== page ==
Thanks to the SANS Newsbites, I just read a fascinating article by Dan Verton at Computerworld. He reports that insurer AIG will "will offer discounted insurance rates to customers that deploy security sensors being developed by the Cyber Incident Detection & Data Analysis Center." CIDDAC, which doesn't have a web site I could find, consists of AdminForce LLC, Air Products and Chemicals, the U.S. Department of Justice, the Electric Power Research Institute, General Motors Acceptance Corp., Harvey & Mortensen Attorneys at Law, Independence Blue Cross, Liberty Bell Bank, Lockheed Martin Corp., NetForensics Inc., the Pennsylvania State Attorney General's Office, Temple University, the University of Pennsylvania's Institute for Strategic Threat Analysis & Response, and the U.S. Attorney for the Eastern District of Pennsylvania. Again, from the article:
"The goal is to deploy what CIDDAC calls Real-time Cyber Attack Detection Sensors, or RCADS, throughout as many U.S. companies as possible—and eventually the world—and feed incident data to a centrally managed operations facility at the University of Pennsylvania in Philadelphia... Although it has maintained a low profile to date, CIDDAC is the result of a volunteer effort by various private-sector IT companies and other firms, along with the Philadelphia InfraGard chapter.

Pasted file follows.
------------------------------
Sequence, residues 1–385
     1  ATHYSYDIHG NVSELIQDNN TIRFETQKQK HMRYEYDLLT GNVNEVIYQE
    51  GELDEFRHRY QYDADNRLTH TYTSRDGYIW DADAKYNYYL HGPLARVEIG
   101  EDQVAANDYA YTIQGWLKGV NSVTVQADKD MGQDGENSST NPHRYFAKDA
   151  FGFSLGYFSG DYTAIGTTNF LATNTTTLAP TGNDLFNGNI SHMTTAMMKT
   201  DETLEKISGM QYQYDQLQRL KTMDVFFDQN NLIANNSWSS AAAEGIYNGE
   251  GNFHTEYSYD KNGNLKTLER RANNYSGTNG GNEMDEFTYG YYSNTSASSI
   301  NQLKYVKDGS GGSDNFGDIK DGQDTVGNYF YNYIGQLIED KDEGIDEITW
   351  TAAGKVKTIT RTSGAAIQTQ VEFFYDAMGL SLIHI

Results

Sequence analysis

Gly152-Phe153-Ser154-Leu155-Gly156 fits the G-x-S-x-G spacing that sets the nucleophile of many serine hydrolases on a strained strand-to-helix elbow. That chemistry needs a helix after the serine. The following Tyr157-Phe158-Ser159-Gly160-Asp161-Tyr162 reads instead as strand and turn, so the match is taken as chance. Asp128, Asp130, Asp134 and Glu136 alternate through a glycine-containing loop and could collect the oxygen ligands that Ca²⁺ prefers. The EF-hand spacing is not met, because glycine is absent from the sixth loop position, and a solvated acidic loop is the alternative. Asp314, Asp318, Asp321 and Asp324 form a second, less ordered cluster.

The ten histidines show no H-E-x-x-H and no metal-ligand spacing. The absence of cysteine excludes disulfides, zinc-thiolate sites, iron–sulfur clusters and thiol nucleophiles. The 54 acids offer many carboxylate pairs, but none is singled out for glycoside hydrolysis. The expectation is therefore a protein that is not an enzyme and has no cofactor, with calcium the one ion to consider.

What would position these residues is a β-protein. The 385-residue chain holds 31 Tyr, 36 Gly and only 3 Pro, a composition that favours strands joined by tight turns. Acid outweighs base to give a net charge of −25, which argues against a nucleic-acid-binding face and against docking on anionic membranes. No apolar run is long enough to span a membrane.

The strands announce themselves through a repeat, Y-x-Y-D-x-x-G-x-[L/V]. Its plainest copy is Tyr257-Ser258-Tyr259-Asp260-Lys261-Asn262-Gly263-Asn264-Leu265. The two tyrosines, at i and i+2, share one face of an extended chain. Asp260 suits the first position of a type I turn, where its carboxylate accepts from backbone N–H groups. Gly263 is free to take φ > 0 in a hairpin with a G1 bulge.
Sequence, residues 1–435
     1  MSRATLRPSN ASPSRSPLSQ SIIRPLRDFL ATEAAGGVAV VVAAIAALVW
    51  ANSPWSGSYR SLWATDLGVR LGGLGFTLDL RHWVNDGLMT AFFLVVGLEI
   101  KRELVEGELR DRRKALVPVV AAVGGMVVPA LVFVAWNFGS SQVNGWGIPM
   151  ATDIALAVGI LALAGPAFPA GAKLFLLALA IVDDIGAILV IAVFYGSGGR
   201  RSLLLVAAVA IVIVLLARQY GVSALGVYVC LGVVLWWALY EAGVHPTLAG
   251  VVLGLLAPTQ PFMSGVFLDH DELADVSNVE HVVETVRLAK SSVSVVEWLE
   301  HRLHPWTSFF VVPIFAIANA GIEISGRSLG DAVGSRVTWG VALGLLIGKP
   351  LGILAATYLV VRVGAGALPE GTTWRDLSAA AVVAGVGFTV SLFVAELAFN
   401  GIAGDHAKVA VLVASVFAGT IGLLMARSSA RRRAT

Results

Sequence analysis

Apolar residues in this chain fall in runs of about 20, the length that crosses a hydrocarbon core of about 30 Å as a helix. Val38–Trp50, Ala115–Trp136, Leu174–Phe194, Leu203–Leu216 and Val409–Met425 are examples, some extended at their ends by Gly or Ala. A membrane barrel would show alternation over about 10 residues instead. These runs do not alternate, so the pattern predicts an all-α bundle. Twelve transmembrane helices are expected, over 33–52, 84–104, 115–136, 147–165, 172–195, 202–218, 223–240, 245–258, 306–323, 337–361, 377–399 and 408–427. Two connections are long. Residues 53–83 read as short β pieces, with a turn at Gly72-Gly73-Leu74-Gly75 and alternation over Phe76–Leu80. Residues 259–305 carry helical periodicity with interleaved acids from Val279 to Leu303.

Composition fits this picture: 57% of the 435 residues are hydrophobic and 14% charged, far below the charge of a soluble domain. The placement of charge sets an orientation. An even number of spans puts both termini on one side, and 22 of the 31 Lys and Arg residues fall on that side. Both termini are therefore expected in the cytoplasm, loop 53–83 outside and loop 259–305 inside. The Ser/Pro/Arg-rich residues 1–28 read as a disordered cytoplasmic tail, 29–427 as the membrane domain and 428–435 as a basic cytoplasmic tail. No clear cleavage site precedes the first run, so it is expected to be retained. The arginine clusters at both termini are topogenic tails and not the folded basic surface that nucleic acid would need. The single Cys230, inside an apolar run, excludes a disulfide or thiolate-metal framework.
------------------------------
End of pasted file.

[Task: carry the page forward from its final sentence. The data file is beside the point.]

The consortium has developed what it claims is a technical solution to the private sector's primary concern about information sharing: government access to proprietary data. 'We have a way to gather the appropriate information on cyberattacks and security incidents without digging through production data,' said Charles 'Buck' Fleming, acting executive director of CIDDAC and CEO of AdminForce LLC in Boulder, Colo.
CIDDAC is operating a prototype monitoring and operations center at facilities owned by AdminForce."
This will not work. No company is going to let AdminForce or anybody else deploy sensors in exchange for discounted insurance rates. I am flying to Dallas tomorrow on behalf of a client to evaluate the risks of outsourced managed monitoring. Having done managed monitoring in the Air Force and as a civilian, I know that clients require an extreme amount of trust in their managed monitoring vendor. I don't see security-minded organizations letting "CIDDAC" deploy sensors with the ability to see Internet-bound traffic. Does CIDDAC realize they are performing a wiretap?
The security research community's biggest problem is access to suitable data. This is caused by privacy concerns. Here's a paper on the subject. If privacy is such an issue, imagine how much bigger a problem it is to protect corporate secrets. Would a company allow a third party to watch its phone records for patterns of misuses? Of course not, unless the company trusts the vendor implicitly and creates iron-clad contracts protecting its data from disclosure and abuse.